Dog owners who take their dogs into the veterinary clinic for an anti-allergy shot every other week may not know that there is another option – drops that are placed under the dog’s tongue.
A recent study of 217 dogs with skin allergies to mold, house dust and pollen has shown that the drops, placed under the dogs’ tongues twice daily, improved reactions to allergens “significantly” in 60 percent of the dogs, according to Douglas DeBoer, D.V.M, a diplomate of the ACVD and dermatology professor at the University of Wisconsin-Madison School of Veterinary Medicine. He is the chief author of the study.
The drops and shots must be performed under a veterinarian’s supervision, and their cost is comparable.
Despite the availability of both shots and drops to treat human and dog allergies for the last century, the shots have been much more popular.
“It’s just the way it happened in North America,” DeBoer says. In Europe, however, the drops were actually used first and became the more popular form of treatment, he says. “In North America, the opposite happened.” This may have been in part, he explains, because allergists here “were not always willing to accept methods based on European studies, so acceptance of the sublingual [under the tongue] method continues to be slow even now, though recently gaining momentum.”
The other good news is that any veterinarian can now prescribe the drops used in the study, manufactured by the Heska Corporation. In the past, they had to be prescribed by a veterinary dermatologist.
Results for the dogs in DeBoer’s study were reported for six months or longer, which he says, “we believe is an adequate time to see response to drops. Some dogs in our original study have now been on drops for up to three years, and we continue to follow them.”
Included in the study were dogs that had not responded to treatment with allergy shots or that had unacceptable reactions to shots in the past. Fifty percent of those dogs improved with the drops. “We have not broken down this data by cause yet,” he says.
The dogs that did not respond to the drops were switched to shots. DeBoer’s team has yet to analyze the data on those dogs to see if the shots worked for them.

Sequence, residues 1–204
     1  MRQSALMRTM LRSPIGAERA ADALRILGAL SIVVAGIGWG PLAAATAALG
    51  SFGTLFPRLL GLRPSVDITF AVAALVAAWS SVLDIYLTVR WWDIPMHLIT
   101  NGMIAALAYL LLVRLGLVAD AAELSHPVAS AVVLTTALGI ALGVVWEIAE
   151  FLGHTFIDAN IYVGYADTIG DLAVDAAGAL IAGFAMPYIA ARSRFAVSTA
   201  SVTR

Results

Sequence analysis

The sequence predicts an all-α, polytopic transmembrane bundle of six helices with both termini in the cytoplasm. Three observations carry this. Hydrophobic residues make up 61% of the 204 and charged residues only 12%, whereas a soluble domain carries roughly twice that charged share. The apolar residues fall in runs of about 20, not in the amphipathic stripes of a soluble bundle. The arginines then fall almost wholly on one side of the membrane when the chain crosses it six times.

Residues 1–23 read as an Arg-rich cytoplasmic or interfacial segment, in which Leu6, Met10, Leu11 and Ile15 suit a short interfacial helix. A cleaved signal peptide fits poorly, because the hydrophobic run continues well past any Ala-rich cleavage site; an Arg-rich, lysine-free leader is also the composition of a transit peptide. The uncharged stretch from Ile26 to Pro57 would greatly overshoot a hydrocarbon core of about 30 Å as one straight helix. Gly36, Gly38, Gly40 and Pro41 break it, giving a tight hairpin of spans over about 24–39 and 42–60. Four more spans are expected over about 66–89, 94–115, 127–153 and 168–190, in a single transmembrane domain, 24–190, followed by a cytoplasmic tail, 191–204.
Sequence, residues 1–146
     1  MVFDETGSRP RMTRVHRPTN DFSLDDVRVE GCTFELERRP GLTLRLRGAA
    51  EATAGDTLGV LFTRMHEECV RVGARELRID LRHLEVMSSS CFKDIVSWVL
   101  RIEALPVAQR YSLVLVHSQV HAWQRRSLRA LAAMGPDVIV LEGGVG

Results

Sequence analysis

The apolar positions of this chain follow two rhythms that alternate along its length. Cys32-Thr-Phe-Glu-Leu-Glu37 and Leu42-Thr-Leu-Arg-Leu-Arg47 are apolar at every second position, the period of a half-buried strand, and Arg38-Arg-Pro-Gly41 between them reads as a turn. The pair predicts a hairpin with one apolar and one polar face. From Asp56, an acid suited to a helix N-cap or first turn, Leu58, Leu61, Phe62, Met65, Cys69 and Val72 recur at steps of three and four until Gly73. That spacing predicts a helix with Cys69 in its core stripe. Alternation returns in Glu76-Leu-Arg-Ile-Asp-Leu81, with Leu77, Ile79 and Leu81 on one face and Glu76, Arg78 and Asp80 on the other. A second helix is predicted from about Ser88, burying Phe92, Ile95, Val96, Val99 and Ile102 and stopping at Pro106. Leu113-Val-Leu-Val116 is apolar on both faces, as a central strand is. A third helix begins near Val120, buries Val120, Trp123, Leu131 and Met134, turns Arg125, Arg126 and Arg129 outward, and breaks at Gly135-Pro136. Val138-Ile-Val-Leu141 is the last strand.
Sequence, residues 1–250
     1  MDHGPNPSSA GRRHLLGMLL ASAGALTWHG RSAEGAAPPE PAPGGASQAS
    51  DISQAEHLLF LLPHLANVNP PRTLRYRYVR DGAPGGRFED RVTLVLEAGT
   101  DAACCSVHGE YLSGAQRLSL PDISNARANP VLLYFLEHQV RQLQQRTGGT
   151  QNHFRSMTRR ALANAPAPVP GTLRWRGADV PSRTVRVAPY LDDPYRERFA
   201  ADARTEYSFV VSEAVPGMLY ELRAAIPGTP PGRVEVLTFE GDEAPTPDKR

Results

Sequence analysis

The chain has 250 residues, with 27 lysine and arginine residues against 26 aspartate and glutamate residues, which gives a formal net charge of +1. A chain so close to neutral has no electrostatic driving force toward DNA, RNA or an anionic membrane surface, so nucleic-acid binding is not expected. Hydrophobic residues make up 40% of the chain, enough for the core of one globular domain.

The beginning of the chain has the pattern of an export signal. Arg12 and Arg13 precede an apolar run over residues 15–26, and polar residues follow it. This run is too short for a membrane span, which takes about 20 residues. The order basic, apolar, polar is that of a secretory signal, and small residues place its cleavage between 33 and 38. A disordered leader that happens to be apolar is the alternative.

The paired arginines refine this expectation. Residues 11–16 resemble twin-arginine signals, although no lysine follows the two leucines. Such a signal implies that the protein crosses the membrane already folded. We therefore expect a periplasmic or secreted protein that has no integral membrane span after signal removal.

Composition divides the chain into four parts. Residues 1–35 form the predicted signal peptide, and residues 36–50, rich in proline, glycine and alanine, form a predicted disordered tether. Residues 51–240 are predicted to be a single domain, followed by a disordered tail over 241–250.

Because the drops apparently act through a different mechanism than allergy shots, they even helped dogs who had “failed” allergy shots, DeBoer says. Although the mechanisms for drops and shots are not completely known, “a key feature seems to be a specialized cell of the immune system called an ‘oromucosal dendritic cell,’ which resides in the lining of the mouth,” he explains. “The allergen molecules are absorbed through the mouth lining and picked up by these cells, which then travel to the immune system and instruct it (hopefully) to not react to the substance.”
Dogs, like people, can rarely suffer a life-threatening anaphylactic reaction to allergy shots, resulting in collapse and shock. However, even those dogs treated in the study that had previously had such a dangerous reaction to an allergy shot did not have it with the under-the-tongue method. “Drops appear to be safer than shots in this respect,” DeBoer says.
DeBoer was skeptical when first approached about undertaking the study. Now, with data in hand, he has overcome his skepticism. Although the drops must be given once or twice a day for at least several months, they have major advantages, he says. “A lot of owners are needle-shy and would never consider giving allergy shots, and may not even have the dog evaluated for that reason. Now there is an option that is very user-friendly.”
As for the dogs, “The drops have a slightly sweet flavor, so most dogs actually like them,” he says. “Owners say their dogs consider them a treat and run toward them when they hear the bottle being opened. With the needle, they learn to run away.”
Whether the drops will ever become more popular than the shots remains to be seen. “It really depends mostly on client convenience and other factors,” DeBoer says. “You can’t say one method is better than the other. They function differently and so actually we consider them as two different treatments, not two different ways to administer the same treatment. So in the future, I predict that owners will start with the one they feel is more convenient and/or easy for them to do, and, if that does not work, try the other one.”
The study results were reported at the World Congress of Veterinary Dermatology in Vancouver, British Columbia, Canada, in July.
This article was prepared using materials provided by the University of Wisconsin-Madison School of Veterinary Medicine, along with a supplemental interview with Douglas DeBoer, D.V.M.